A crucial step in the administration of someone’s estate after the individual passes away is determining the value of an estate.
After all, you cannot fairly divide and distribute the estate’s assets to your descendants if you do not know what the estate is worth.
Navigating the complexities of estate distribution and calculating the estate valuation of personal property, real estate, and other assets and liabilities belonging to the deceased is no easy task.
Whether you’re a careful planner looking to prepare your estate and loved ones for the future or just looking for some general information on determining the value of an estate in Texas, the estate planning and probate attorneys at Massingill are here to help. Use our guide to learn more.
Common Reasons to Value Your Estate
Obtaining a valuation for your estate during your lifetime is an important step in estate planning. Below are some of the most common reasons for completing a valuation.
One of the most notable reasons to value your estate is for tax planning. Your federal tax liability after your passing will depend on the value of your estate on the date of your death.
Estate taxes can significantly diminish your available wealth to pass on to your beneficiaries. By accurately valuing your estate during your lifetime and working with an experienced estate planning attorney, you can create a strategic plan to help minimize your tax liability for your estate and your heirs.
Having an accurate estate valuation is a legal requirement of the probate process in Texas.
Under the Texas Estates Code, as part of the estate administration process, the deceased’s personal representative must prepare and file with the court a full and detailed inventory of all estate property that the representative is aware of.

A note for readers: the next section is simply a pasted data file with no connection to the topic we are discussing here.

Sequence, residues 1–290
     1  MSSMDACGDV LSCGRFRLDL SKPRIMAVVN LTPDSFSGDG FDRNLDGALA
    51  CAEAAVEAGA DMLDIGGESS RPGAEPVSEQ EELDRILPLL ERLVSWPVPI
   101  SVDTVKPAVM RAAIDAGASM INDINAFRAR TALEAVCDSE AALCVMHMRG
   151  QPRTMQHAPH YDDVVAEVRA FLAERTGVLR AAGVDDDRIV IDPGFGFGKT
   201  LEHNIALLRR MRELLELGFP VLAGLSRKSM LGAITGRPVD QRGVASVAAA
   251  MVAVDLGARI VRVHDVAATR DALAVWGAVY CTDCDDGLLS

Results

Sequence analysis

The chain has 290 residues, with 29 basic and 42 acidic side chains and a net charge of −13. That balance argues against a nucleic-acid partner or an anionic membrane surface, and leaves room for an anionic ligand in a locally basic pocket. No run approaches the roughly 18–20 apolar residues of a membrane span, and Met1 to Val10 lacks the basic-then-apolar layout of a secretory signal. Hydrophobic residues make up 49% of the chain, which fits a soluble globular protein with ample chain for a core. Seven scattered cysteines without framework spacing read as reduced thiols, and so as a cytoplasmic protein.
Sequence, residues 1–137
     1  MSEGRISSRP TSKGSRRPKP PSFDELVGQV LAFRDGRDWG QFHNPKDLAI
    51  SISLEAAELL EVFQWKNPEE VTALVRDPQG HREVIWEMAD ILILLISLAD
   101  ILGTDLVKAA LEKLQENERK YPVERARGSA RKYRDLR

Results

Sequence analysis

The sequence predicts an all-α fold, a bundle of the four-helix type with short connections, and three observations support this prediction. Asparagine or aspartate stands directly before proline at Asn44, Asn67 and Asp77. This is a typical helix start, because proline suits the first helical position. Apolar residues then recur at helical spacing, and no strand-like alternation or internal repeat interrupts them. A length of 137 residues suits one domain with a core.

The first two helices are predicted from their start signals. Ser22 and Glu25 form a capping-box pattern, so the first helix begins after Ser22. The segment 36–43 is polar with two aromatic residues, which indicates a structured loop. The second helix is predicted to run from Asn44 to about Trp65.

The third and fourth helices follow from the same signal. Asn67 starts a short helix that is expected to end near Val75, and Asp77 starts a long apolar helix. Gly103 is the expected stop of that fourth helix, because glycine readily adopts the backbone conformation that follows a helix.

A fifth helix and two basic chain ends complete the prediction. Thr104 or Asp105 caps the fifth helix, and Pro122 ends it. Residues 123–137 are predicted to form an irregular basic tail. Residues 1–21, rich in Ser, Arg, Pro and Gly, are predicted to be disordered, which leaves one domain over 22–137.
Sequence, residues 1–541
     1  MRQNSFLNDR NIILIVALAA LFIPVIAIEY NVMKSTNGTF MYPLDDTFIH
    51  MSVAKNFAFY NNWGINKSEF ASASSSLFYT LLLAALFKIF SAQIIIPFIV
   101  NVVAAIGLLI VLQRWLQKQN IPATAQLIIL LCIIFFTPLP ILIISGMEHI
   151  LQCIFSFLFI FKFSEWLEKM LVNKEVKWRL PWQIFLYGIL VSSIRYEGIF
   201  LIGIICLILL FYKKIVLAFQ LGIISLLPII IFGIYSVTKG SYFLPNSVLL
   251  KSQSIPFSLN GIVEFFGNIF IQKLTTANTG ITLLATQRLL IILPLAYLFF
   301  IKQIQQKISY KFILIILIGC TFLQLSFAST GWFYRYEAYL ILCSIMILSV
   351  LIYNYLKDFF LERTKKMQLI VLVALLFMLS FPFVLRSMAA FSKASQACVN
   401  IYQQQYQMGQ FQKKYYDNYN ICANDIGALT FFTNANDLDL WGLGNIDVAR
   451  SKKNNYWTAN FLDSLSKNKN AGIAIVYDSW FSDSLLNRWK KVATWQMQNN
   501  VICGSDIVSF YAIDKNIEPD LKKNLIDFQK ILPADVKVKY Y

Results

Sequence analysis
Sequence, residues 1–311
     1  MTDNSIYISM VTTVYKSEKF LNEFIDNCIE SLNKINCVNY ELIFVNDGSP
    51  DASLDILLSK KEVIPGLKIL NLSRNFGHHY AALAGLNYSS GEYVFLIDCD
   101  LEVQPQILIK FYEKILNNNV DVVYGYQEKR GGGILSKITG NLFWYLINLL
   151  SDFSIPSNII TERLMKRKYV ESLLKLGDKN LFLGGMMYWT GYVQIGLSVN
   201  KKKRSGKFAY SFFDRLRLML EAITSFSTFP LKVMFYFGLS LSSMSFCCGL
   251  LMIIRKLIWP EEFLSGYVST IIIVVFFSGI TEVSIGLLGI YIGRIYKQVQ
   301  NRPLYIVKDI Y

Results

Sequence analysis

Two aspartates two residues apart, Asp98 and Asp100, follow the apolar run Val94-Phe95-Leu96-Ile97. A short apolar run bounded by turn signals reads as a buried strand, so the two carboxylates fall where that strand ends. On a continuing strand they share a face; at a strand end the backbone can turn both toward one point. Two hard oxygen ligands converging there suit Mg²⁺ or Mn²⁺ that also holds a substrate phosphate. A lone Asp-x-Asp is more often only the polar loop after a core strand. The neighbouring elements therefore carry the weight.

The personal representative must also note the appraisement of the fair market value of each item of property, either through their own assessment or with the assistance of an appraiser.
By keeping an updated estate valuation, you can help ensure that your personal representative is better equipped to comply with their legal obligations after your passing.
Simplifying and Reducing the Cost of the Probate Process
As a byproduct of helping your personal representative comply with their legal obligations, you can also reduce the time necessary to complete the probate process. This, in turn, can help to lower the overall cost of probate after you pass away.
Administering an estate after the passing of a loved one can be complicated. Be sure to take the steps you can to reduce time and stress on your personal representative throughout the process where possible.
Ascertaining Whether Small Estate Benefits Exist
Most people don’t believe the phrase “small estate” could be beneficial to them.
However, in Texas, a small estate can enable your estate to avoid the probate process entirely, allowing your property to be distributed through what’s called a small estate affidavit.